Comment on "Optical Orbital Angular Momentum from the Curl of Polarization"

ArticleinPhysical Review Letters 106(18):189301; author reply 189302 · May 2011with20 Reads
Impact Factor: 7.51 · DOI: 10.1103/PhysRevLett.106.189301 · Source: PubMed
Abstract

A Comment on the Letter by Xi-Lin Wang et al., Phys. Rev. Lett. 105, 253602 (2010). The authors of the Letter offer a Reply.

    • "Such phenomenon is attributed to the conversion of the curl of polarization of the beam into the orbital angular momentum (OAM) [19]. While a different view point for the origin of the OAM is given in Ref [22] . They argued that the observed orbital motion of trapped particles may also be driven partially by the converted OAM from the spin-to-orbital angular momentum interaction in strong focusing. "
    [Show abstract] [Hide abstract] ABSTRACT: We theoretically investigate the tight focusing properties of hybridly polarized vector beams. Some numerical results are obtained to illustrate the intensity, phase, and polarization of tightly focused hybridly polarized vector beams. It is shown that the shape of the focal pattern may change from an elliptical beam to a ring focus with increasing radial index. The phase distribution around the tightly focused ring is shown to be the helical phase profile, indicating that the radial-variant spin angular momentum of hybridly polarized vector beams can be converted into the radial-variant orbital angular momentum.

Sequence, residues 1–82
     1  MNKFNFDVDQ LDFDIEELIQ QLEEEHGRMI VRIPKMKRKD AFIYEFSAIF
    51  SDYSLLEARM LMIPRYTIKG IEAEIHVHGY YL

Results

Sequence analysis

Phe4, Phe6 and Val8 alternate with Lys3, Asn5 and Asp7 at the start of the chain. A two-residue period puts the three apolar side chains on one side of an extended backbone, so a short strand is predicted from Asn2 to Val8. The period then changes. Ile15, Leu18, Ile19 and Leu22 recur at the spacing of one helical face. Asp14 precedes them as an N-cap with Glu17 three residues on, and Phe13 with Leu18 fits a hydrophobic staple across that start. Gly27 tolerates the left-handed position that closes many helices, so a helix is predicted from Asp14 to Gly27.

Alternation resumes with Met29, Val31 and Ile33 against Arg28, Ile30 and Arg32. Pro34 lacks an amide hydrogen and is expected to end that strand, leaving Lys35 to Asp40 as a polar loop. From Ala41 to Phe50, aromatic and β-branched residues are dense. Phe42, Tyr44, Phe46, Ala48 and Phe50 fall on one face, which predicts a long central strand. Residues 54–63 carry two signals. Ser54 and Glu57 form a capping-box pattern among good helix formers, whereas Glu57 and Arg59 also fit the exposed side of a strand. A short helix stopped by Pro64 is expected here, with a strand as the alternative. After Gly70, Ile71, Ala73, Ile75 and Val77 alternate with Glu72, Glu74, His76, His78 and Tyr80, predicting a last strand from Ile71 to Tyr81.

Full-text · Article · Jun 2012 · Journal of the Optical Society of America A
    • "(6), (7), quite similar SMD should appear in polarization-inhomogeneous beams. Such situations were recently discussed [32] but wrongly interpreted [33] as manifestations of a new category of the orbital angular momentum. Besides, high-NA focusing reported in Ref. [32] gives no certainty that the observed orbital motion of trapped particles is not caused by the OMD generated due to the spin-to-orbital conversion. "
    [Show abstract] [Hide abstract] ABSTRACT: It is known that internal energy flow in a light beam can be divided into the orbital flow, associated with the macroscopic energy redistribution within the beam, and the spin flow originating from instantaneous rotation of the field vectors inherent in circular or elliptic polarization. In contrast to the orbital one, experimental observation of the spin flow constituent seemed problematic because (i) it does not manifest itself in the visible transformation of the beam profile and (ii) it converts into the orbital flow upon tight focusing of the beam, usually employed for the energy flow detection by the mechanical action on probe particles. We propose a two-beam interference technique that permits to obtain appreciable level of the spin flow in moderately focused beams and to detect the orbital motion of probe particles within a field where the transverse energy circulation is associated exclusively with the spin flow. This result can be treated as the first demonstration of mechanical action of the spin flow of a light field.
    Full-text · Article · Nov 2011
  • [Show abstract] [Hide abstract] ABSTRACT: A Reply to the Comment by G. K. Harkness, et al.
    No preview · Article · Mar 1999 · Physical Review Letters
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